After U.S. exit from Afghanistan, the Taliban is likely to grab power, leading to the formation of another radical state, the ripple effect of which would be surely felt in India. There is also a possibility that a resurgent Taliban would help the Pakistani Taliban to overthrow the civilian government in Pakistan, leading to a military–fundamentalist takeover and greater chaos in the region. A collapsing Pakistan would strengthen the terror groups, who may create more problems for India. Further, in the eventuality of a collapse, the radicals will be in a position to get hold of the nuclear weapons and use these as weapons of blackmail against India and the West.
Once the American withdrawal process is completed, the scenario will change radically. Pakistan will aid the Taliban, and a radical fundamentalist regime may be jointly established in Pakistan and Afghanistan. The future, however, cannot be predicted with any certainty because many international forces will come into play. What can be predicted with some certainty is that the conditions will remain highly disturbed in the region in the foreseeable future because of these developments.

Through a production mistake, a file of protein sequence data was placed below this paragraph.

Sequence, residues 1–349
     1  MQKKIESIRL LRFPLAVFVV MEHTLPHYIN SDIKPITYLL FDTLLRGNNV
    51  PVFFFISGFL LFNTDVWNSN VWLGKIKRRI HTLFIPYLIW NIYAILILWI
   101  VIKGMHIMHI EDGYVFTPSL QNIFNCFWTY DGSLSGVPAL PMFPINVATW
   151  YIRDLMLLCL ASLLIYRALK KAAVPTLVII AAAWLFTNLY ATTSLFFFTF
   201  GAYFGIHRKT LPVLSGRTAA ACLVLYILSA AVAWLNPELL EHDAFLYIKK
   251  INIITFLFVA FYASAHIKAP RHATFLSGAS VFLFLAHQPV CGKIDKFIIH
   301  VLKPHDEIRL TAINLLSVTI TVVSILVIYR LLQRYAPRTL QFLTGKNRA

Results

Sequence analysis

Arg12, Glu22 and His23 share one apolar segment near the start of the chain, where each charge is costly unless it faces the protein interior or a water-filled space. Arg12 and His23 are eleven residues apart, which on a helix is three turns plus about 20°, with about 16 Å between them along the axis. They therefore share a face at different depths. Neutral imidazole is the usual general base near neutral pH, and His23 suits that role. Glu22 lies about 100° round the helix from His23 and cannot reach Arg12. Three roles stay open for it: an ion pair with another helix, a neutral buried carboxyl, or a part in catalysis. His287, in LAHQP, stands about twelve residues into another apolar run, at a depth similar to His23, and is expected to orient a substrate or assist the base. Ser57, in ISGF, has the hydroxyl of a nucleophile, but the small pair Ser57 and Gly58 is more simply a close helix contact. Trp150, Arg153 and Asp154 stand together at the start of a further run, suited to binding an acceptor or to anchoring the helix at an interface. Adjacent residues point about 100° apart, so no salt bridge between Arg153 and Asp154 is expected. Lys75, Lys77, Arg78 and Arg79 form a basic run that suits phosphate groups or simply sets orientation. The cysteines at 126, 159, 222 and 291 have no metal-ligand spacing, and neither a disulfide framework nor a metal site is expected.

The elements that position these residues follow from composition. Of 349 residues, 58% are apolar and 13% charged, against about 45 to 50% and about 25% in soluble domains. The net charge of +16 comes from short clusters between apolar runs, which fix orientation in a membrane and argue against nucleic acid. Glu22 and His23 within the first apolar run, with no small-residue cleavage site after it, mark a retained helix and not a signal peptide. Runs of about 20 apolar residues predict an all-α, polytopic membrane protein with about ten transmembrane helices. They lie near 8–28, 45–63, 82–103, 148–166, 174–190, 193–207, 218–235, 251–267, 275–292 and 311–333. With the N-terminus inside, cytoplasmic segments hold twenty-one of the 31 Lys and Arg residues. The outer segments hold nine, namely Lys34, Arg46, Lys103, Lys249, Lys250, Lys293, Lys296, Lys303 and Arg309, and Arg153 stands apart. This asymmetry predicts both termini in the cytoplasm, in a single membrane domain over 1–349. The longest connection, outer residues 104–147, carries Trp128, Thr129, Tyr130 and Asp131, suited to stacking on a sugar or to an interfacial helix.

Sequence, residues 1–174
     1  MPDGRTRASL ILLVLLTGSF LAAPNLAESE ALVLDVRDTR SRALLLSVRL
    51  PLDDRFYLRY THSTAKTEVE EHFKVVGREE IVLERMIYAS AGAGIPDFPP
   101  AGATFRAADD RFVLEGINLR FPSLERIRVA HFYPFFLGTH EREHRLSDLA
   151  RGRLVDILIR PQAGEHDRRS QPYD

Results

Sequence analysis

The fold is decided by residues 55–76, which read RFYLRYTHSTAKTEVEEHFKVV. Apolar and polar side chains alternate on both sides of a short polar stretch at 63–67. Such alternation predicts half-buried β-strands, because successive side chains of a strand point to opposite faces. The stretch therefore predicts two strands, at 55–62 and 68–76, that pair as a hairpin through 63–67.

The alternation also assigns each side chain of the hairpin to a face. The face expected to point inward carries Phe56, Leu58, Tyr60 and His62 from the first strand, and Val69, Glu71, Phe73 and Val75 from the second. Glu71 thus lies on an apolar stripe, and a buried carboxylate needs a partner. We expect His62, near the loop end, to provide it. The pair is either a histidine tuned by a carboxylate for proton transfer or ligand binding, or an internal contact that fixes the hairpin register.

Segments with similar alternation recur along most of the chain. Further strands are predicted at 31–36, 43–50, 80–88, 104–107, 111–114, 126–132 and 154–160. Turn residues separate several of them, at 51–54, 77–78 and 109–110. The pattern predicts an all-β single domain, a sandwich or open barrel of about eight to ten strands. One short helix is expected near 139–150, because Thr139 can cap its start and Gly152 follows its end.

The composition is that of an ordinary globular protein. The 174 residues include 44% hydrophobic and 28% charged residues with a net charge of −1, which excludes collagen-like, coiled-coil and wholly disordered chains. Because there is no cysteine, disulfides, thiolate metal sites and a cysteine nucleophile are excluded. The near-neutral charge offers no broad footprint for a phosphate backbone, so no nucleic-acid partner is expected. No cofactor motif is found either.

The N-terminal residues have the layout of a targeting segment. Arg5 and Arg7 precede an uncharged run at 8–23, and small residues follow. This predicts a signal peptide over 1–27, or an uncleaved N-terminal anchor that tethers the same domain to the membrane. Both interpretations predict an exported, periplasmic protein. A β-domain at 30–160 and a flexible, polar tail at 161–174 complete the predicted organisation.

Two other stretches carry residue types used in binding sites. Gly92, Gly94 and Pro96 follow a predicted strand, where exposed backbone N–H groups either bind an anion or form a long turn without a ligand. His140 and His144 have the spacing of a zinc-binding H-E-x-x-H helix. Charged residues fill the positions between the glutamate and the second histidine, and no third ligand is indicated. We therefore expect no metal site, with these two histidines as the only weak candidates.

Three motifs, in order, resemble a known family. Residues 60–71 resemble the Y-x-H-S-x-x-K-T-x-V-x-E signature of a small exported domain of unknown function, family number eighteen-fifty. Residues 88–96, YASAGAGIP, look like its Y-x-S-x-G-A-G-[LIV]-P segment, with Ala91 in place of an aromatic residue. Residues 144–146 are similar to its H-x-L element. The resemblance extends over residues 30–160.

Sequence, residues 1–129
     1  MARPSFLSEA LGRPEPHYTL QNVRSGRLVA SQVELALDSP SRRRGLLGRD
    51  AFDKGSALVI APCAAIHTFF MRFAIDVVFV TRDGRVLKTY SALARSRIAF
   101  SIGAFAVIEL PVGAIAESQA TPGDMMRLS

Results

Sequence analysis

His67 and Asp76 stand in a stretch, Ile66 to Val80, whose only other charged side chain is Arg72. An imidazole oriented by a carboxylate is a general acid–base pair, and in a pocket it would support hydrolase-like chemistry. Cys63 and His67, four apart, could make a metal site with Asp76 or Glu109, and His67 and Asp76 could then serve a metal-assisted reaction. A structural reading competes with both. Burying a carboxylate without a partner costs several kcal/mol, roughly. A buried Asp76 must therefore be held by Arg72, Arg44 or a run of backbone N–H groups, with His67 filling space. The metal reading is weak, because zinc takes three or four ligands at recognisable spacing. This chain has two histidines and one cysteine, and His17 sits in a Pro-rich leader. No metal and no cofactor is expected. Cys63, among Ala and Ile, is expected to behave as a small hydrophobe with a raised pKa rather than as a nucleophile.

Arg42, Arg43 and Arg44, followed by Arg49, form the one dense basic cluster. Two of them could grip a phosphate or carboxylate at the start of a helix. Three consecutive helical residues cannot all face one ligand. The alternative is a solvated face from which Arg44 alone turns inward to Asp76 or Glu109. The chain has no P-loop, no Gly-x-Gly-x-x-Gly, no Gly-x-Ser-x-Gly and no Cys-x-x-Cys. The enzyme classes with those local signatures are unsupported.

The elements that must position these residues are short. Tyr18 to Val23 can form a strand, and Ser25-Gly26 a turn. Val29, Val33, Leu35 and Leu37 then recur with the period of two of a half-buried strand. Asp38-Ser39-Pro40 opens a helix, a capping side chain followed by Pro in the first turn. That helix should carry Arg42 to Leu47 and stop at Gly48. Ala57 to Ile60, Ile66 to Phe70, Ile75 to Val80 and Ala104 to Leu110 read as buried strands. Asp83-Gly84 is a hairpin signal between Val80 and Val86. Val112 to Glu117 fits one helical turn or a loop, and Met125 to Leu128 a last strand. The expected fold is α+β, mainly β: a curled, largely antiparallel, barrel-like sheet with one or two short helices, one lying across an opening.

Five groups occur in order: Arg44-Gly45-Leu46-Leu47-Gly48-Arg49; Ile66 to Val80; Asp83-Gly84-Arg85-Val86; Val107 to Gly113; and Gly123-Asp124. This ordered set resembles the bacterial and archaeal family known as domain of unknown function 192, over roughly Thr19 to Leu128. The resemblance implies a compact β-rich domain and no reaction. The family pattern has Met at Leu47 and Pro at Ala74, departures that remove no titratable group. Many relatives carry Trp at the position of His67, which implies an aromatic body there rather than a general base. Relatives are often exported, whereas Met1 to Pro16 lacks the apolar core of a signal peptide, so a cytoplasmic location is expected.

Afghanistan’s problems cannot be looked at in isolation as there is a considerable external aspect to its internal security environment. Pakistan’s attempt to fill the vacuum created by the exit of NATO and U.S. forces may result in clashes between Pakistani the Afghan forces prolonging the ongoing turmoil.
Notes and References
1. South Asia Intelligence Review [Sair], 10–40.
2. B.Raman <www.southasiaanalysis.org>.